Wednesday, November 17, 2010

Holman Dictionary on Jonah

In my preparation for tonight's study of Jonah, I came across some insightful quotes from the Holman Illustrated Bible Dictionary.  The entry on the book of Jonah is perhaps the best I came across covering the message of the book and the issues surrounding it in brief.

To begin, the editors note how many since the rise of modern liberalism and biblical criticism have enjoyed picking on Jonah arguing that it is simply a fable or a myth rejecting its historicity.  The reasons for this should be obvious on the surface.  For one, fish don't swallow people only to vomit them up again.  Likewise, plants don't grow and then be eaten by a small worm in a matter of minutes or hours.  The problem with such arguments is to assume that the God of creation has no control over His creation.  If God is supernatural and not bound by natural laws, then it is logical to conclude that He can override natural laws in a supernatural way.  Jonah is no exception.

The dictionary writes:

Many since the 19th Century AD have regarded Jonah as a parable or didactic fiction, as if factual history were ruled out by literary artistry or the recounting of miraculous events.  If this narrative, however, whose form bears at every point the mark of a historical account, was judged unhistorical on either of these bases, then most of the Bible would follow easily along.  It is pointless to ask whether Jonah really could have been swallowed by a great fish without also asking whether God really could communicate with a prophet.  Every aspect of man’s encounter with God is miraculous.  Jonah is clearly didactic, but it is not presented as fiction or interpreted as such by Jesus (cp. Matt. 12:40-41).   -942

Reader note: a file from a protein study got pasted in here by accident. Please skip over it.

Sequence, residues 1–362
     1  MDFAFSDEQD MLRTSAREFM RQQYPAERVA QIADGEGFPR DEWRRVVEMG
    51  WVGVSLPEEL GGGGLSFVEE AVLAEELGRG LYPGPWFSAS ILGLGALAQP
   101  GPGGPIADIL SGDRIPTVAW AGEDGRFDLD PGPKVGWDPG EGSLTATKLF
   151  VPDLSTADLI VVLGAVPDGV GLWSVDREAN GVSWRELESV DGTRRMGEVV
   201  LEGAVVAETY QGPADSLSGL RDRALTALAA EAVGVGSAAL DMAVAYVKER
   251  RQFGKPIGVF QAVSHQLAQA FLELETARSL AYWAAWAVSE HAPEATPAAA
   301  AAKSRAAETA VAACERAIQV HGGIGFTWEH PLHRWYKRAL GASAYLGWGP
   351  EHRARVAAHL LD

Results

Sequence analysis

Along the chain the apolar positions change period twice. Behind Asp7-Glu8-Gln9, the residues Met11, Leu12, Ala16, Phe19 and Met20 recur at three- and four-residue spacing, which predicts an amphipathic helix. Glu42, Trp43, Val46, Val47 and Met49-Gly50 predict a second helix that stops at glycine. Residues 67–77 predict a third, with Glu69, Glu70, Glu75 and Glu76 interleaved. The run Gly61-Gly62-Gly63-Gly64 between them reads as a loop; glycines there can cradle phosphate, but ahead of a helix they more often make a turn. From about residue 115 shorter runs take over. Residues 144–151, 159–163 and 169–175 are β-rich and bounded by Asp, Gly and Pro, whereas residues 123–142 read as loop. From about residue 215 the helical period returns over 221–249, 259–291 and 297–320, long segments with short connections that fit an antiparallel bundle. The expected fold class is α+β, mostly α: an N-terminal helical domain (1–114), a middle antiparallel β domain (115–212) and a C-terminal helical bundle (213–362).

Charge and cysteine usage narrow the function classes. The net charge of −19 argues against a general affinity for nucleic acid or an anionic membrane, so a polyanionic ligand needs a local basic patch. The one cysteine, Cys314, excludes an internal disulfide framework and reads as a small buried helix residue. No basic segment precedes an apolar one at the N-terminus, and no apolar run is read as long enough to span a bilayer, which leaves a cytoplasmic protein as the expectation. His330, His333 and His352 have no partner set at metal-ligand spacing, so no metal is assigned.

Also, the entry discusses why Jonah was so adamant to not preach repentance to the Ninehvites.  This is helpful because oftentimes we read Jonah without realizing the difficulty of the task Jonah was asked to complete.  Would we go to the inner circle of the most wicked terrorist and proclaim the gospel to them?  I am willing to bet we wouldn't simply because we would think that they wouldn't deserve the good news.

Jonah was not pleased when God commanded him to go to Nineveh and preach repentance.  The Assyrians worshiped the vicious god Ashur and a multitude of other gods and goddesses.  Assyrian brutality and cruelty were legendary.  The Assyrians were known to impale their enemies on stakes in front of their towns and hang their heads from trees in the king’s gardens.  They also tortured their captives – men, women, or children – by hacking off noses, ears, or fingers, gouging out their eyes, or tearing off their lips and hands.  They reportedly covered the city wall with the skins of their victims.  Rebellious subjects would be massacred by the hundreds, sometimes burned at the stake.  Then their skulls would be placed in great piles by the roadside as a warning to others.  Jonah decided that he would rather quit the prophetic ministry than preach to such people.  Nineveh was about 500 miles to the east, so he headed for Tarshish, probably what is now Spain, the farthest western location he knew, about 2,000 miles.  -945

*  The above picture is of Jonah preaching in Nineveh.

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